Information about our communities can be used to advocate for local, provincial and national policies and programs to improve the social and economic conditions in which we live—for example, in relation to education, employment, poverty reduction, transportation, agriculture, housing, and food security and safety.
Sudbury & District Health Unit. (2013). Opportunity for All: The Path to Health Equity. Sudbury, ON: Author.
Health equity vision 2020
Public Health Sudbury & Districts and its partners are working to improve the overall health and health equity of area citizens so that:
- Systemic and avoidable health disparities are steadily reduced and the gap in health between the best and worst off is narrowed.
- All citizens have equal opportunities for good health and well-being.
- All citizens have equitable access to a full range of high-quality public health programs and services.
Examples of vital contributions made by public health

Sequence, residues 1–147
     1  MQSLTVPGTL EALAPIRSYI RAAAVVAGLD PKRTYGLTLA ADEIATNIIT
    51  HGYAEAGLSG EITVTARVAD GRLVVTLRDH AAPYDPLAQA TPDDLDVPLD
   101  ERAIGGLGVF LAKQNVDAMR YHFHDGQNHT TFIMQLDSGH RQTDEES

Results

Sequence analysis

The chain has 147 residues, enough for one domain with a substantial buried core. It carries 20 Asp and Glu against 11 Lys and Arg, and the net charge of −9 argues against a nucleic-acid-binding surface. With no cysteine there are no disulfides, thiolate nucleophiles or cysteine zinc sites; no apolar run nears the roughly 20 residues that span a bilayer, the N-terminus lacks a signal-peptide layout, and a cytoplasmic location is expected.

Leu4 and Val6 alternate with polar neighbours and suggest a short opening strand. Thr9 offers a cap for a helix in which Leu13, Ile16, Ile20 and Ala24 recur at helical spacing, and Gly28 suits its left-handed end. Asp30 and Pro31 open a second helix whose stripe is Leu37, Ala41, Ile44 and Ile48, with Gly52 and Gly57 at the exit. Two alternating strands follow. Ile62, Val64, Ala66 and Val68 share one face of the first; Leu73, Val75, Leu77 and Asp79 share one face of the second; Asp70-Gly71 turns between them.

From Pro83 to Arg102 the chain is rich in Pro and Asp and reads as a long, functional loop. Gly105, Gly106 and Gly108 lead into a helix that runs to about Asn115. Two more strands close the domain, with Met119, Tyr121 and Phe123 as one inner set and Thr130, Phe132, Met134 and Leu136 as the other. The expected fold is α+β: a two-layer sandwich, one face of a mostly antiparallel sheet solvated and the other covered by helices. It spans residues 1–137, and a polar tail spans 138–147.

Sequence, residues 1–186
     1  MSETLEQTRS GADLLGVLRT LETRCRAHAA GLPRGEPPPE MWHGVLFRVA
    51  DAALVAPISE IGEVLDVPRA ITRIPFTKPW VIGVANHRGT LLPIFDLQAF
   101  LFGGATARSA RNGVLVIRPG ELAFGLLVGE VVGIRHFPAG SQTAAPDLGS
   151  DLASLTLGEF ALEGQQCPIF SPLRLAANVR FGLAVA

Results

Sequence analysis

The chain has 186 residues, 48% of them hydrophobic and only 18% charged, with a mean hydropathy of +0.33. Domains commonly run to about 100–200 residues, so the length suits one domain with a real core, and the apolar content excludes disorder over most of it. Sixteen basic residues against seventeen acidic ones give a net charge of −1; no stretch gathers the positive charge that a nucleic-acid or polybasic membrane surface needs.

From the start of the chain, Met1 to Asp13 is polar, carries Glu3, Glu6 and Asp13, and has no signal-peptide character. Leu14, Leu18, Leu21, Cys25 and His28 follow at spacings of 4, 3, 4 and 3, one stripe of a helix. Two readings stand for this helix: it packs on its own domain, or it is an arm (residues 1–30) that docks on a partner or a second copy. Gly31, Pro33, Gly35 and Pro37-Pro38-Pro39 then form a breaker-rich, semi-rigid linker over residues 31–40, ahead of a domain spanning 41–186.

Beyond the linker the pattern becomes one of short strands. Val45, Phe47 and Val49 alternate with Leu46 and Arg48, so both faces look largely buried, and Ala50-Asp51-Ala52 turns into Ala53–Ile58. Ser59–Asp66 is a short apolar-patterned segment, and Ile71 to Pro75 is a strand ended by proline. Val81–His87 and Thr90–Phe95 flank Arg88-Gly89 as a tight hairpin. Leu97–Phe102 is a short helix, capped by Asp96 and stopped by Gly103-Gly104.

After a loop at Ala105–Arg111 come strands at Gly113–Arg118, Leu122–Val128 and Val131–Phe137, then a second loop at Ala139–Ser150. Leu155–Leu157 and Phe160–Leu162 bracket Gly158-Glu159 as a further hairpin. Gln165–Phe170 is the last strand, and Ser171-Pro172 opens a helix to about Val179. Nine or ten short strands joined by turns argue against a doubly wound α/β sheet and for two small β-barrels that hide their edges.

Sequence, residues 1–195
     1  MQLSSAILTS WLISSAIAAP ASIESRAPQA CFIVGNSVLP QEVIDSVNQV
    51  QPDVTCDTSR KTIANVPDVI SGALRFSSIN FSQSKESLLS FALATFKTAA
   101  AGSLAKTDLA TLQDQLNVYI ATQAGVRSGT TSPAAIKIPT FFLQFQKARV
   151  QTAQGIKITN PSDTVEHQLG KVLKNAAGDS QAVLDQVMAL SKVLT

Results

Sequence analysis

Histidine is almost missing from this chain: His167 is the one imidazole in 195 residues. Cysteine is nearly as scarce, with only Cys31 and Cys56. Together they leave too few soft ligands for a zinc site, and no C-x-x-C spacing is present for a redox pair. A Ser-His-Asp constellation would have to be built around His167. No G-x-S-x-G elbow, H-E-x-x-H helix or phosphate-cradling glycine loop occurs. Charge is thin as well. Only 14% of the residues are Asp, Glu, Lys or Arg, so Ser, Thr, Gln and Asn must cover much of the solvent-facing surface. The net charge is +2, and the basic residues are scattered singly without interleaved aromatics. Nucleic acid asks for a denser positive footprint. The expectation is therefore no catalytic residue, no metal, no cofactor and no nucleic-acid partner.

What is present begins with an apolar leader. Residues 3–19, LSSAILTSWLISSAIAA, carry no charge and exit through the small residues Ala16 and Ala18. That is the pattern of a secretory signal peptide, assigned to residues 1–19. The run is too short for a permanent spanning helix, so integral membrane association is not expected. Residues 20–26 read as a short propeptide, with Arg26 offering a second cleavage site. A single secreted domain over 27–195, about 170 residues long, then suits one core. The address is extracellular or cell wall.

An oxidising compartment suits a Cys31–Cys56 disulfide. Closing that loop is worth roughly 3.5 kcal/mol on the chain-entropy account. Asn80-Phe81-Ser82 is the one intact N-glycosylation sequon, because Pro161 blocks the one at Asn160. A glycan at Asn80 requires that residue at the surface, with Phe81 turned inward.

- Preventing the spread of diseases, like influenza and measles, by offering free immunizations.
- Preventing childhood dental problems through dental health screening and emergency dental care for school-aged children.
- Responding 24/7/365 to public health emergencies, adverse drinking water events, etc.
- Protecting the community by inspecting restaurants, grocery stores, and other food premises.
- Teaching parenting skills to moms and dads so they can feel confident in raising their children to be emotionally and physically healthy.
- Promoting healthier populations and communities by collaborating with local municipalities to develop healthy public policies.
Adapted from: Association of Local Public Health Agencies. (2007, July). A public health primer for provincial candidates. Toronto, ON: Author.
What does public health do?
Public Health Sudbury & Districts is part of a network of 36 local public health units in Ontario. We are supported by provincial infrastructure including ministries and a provincial agency. Funding for public health is shared between the provincial and municipal government at a ratio of approximately 75:25. Similarly dedicated public health entities exist across Canada’s provinces and territories, while Health Canada is the source of funding and some infrastructure for Indigenous communities.